… a building … for the benefit of the public at large, and in which public meetings … may be held
The Town Hall provides a space for meeting and debating the issues of the day. Over the years the hall has been used by a wide range of groups to protest, to argue, to discuss and to learn about all sorts of political and social issues of interest and concern to the people of Perth.
Over the years, the Town Hall has also had a formal role in the political life of Western Australia – Governors were presented and welcomed at the Town Hall until 1931, and elections are often held there.
The Town Hall was used as a polling place for the Federal election held on 21 September 1940. SLWA 221413PD, 221414PD.
Sometimes, perhaps, the Town Hall has not been entirely neutral in political debates.
The Town Hall has hosted debates on all manner of political issues from votes for women to Aboriginal rights. The Town Hall has even seen the formation of a political party – Don Chipp’s Australian Democrats held their inaugural meeting there in 1977.
Before mass media, meetings held in the Perth Town Hall and other venues were very important for a healthy democracy. The tradition of ‘town hall meetings’ still continues today – even with the internet and social media.
‘Monster meetings’ were held at the Town Hall in the months leading up to the vote on Federation in 1900. The Town Hall was a polling place and crowds gathered outside on the day of the referendum.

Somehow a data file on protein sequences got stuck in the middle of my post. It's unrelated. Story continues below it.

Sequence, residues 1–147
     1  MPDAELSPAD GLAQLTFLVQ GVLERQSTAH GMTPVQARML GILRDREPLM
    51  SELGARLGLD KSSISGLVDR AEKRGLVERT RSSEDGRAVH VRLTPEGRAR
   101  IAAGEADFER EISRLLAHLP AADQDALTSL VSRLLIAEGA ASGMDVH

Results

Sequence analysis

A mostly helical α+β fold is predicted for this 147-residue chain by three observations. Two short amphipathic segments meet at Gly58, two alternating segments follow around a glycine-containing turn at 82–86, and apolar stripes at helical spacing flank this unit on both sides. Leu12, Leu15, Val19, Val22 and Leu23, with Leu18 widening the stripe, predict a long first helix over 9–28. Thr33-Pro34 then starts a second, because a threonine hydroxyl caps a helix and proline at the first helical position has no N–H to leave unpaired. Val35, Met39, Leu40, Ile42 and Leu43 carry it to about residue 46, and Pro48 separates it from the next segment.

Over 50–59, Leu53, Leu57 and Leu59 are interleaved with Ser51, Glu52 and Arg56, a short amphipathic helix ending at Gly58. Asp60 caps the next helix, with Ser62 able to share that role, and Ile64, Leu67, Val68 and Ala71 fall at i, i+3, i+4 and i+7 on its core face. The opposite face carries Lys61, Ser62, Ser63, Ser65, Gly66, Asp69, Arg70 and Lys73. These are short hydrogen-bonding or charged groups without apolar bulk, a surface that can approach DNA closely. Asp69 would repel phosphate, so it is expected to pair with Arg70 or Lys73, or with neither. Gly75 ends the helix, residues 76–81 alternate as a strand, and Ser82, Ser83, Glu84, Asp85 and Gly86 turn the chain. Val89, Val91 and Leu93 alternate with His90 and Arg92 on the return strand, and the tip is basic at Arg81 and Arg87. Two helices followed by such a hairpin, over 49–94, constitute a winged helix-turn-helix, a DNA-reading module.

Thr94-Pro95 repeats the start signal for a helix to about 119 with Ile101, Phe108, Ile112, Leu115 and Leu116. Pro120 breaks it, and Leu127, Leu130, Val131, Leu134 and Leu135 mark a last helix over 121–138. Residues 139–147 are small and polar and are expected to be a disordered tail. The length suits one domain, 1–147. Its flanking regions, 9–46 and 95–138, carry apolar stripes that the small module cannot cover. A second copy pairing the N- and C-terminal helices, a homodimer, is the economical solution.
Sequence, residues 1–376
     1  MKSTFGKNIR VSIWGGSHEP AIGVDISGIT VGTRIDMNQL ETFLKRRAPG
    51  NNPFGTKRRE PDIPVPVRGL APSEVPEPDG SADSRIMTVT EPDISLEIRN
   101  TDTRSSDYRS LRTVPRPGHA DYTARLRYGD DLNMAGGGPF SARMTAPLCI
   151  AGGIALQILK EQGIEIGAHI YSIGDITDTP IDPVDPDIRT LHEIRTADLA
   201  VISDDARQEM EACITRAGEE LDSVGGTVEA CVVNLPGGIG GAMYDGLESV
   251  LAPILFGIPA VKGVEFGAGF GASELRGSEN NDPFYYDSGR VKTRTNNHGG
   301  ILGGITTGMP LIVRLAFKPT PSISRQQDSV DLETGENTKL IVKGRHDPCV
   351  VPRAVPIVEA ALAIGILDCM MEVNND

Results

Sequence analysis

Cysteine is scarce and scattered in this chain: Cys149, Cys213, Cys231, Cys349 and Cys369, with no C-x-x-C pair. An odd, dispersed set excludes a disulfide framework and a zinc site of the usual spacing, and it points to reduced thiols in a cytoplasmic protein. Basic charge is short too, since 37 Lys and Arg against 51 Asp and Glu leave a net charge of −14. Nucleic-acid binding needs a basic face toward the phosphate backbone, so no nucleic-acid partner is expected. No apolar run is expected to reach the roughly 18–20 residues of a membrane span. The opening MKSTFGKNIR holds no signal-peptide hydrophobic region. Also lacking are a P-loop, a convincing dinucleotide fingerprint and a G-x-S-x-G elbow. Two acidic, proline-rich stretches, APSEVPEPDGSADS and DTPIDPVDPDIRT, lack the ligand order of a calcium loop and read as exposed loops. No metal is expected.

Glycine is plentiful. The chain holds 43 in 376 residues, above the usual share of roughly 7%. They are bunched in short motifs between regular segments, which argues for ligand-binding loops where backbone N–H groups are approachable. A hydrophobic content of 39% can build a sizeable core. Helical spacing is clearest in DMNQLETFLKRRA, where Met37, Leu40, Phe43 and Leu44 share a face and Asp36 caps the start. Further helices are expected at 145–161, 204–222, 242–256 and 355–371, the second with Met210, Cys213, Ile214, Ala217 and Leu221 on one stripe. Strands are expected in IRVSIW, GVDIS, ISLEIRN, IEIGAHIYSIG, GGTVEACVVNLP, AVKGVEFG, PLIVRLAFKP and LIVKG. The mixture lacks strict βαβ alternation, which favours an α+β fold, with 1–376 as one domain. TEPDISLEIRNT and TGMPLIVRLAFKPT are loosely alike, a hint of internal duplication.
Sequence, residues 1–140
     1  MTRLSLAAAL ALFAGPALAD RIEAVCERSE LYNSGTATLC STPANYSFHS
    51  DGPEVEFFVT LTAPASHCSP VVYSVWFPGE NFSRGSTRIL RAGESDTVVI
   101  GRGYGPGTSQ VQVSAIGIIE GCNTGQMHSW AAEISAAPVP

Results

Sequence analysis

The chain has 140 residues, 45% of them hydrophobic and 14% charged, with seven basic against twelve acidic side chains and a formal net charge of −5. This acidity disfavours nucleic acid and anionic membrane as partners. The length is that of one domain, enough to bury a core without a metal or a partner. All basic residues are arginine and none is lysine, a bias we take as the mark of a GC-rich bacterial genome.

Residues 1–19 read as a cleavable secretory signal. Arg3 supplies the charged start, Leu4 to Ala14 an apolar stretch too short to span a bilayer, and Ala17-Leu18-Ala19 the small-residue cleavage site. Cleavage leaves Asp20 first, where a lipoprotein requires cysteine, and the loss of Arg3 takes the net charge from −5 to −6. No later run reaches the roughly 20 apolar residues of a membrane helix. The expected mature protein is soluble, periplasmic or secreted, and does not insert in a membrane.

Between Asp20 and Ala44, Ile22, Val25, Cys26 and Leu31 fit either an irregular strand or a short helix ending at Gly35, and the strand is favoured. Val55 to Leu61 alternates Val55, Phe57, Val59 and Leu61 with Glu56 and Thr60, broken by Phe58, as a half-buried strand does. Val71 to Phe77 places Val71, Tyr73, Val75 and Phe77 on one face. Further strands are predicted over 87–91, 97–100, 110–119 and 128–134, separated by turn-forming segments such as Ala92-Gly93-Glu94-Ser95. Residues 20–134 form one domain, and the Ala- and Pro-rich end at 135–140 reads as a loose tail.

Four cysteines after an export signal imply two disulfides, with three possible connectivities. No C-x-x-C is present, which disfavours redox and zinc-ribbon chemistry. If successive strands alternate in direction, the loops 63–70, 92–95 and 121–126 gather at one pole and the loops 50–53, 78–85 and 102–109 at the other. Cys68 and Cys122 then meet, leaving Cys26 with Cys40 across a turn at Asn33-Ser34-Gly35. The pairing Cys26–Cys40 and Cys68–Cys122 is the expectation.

In the 1930s, the Town Hall saw large meetings in favour of Western Australia seceding from the Eastern States.
100 years of prosperous progress
In 1929, Western Australia hosted a series of events marking the centenary of the state – mostly between 28 September and 12 October.
The felling of a tree at what was to be the site of the Town Hall in 1829, by Captain Stirling’s landing party is Perth’s foundation event. The official opening of the new Town Hall in 1870 was held close to the 41st anniversary of that event. It is not surprising, therefore, that the Town Hall played an important role in celebrating 100 years since the foundation of the Swan River Colony in 1829.
At the Town Hall, the main celebrations were on the 12 August 1929. This was the 100th anniversary of the City of Perth – the day the first stone was laid for the barracks. The WA Governor Sir William Champion announced that George V had granted the City of Perth a Lord Mayoralty. The event was marked with a parade at the Town Hall at which a commemorative plaque was unveiled. SLWA 100656PD; 100658PD.